In an Age of Civilizational Conflict

Article Source: Jurimetrics, Vol. 56, No. 4, pp. 387-406, 2016
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The military forces of the United States are stronger than those of any other power; conflict is forced into other areas, such as financial markets. This is called "new generation warfare" or "hybrid warfare."


Policy Relevance:

The United States is at a disadvantage in waging hybrid warfare, but can adapt.


Key Takeaways:
  • When Russia invaded the Ukraine, psychological warfare, political subversion, intimidation, bribery, and propaganda were used to foster internal decay; combat was minimal.
  • Information technologies generate far more information than we can comprehend; information need not be blocked or banned if subgroups of the population only seek information that supports their existing worldview.
  • The Chinese have developed "unrestricted warfare," which includes weapons such as a stock market crash, a computer virus, or a scandal that affects exchange rates or national leadership.
  • Nation-states are challenged by non-state actors such as ISIS; accelerating technological, social, and cultural change leads to a rejection of Western norms and a retreat to faith.
  • The new Chinese and Russian strategies share some common elements:
    • Conflict is re-imagined as a long-term competition between opposing civilizations.
    • Whenever conventional military action is too costly, conflict extends to domains such as civilian cyberspace or global financial systems.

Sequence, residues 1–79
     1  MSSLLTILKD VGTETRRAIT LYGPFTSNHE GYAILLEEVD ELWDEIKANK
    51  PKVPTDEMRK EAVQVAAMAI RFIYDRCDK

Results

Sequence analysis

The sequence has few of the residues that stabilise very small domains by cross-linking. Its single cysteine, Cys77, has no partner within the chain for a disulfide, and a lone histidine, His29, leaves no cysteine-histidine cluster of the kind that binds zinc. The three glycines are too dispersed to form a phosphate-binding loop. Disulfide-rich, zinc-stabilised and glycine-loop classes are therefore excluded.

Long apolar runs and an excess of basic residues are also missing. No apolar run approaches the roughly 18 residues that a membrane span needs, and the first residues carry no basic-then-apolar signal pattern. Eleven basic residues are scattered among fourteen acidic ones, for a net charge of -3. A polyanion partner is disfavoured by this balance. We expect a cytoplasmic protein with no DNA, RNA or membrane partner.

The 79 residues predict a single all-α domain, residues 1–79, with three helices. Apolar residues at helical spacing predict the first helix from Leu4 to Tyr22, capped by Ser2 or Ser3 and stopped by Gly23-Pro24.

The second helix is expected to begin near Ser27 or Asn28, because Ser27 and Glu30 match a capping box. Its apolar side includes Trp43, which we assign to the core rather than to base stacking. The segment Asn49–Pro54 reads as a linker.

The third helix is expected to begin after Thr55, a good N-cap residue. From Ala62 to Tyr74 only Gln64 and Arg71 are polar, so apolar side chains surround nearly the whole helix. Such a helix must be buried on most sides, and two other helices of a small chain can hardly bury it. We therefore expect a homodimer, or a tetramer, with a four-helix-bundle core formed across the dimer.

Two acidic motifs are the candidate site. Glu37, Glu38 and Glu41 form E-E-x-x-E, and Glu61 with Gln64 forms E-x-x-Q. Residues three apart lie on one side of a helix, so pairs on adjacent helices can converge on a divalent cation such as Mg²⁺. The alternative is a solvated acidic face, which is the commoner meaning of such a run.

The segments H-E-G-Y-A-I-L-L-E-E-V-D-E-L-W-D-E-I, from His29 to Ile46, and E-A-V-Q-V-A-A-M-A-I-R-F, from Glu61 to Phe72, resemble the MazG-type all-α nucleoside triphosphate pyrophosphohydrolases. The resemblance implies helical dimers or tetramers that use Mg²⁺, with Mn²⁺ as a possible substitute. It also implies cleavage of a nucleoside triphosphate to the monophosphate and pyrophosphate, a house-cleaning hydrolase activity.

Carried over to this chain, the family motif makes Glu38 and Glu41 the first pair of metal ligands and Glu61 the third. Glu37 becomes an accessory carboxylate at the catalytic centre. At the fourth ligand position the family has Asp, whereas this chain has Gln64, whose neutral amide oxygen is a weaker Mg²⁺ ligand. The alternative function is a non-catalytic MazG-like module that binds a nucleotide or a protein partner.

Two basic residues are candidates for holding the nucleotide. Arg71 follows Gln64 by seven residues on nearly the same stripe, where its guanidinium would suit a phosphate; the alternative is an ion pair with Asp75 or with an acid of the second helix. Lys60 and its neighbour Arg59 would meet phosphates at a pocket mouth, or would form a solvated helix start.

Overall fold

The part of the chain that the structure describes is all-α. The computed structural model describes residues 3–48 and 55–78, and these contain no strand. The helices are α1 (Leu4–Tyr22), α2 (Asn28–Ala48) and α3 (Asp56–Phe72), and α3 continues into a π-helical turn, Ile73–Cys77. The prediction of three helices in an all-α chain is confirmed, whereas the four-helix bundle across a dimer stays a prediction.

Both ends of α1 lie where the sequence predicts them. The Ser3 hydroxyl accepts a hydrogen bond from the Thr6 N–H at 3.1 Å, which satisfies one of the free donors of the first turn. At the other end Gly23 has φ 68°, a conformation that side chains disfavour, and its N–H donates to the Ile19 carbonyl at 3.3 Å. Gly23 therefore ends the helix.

• Conflict levels are held below levels that trigger actual fighting.
  • Deeply rooted cultural factors leave America at a disadvantage in hybrid warfare; these include:
    • The dominance of civilian over military leadership in America.
    • Respect for the rule of law.
    • Boundaries between commercial firms and the government.
  • American institutions are innovative and flexible, and can evolve new responses to hybrid warfare.
  • The belief that the success of any society will lead to peace and prosperity that benefits all is a powerful weapon; in most recent conflicts, the United States is not attempting to establish domination, but to enforce international norms that benefit most states.



 Braden Allenby

About Braden Allenby

Braden R. Allenby is Lincoln Professor of Engineering and Ethics in the School of Sustainable Engineering and the Built Environment at Arizona State University. He is also Professor of Law and President's Professor of Civil, Environmental and Sustainable Engineering. His principal areas of teaching and research are design for environment; earth systems engineering and management; industrial ecology; technological evolution; and the convergence of nanotechnology, biotechnology, information and communication technology, and cognitive sciences.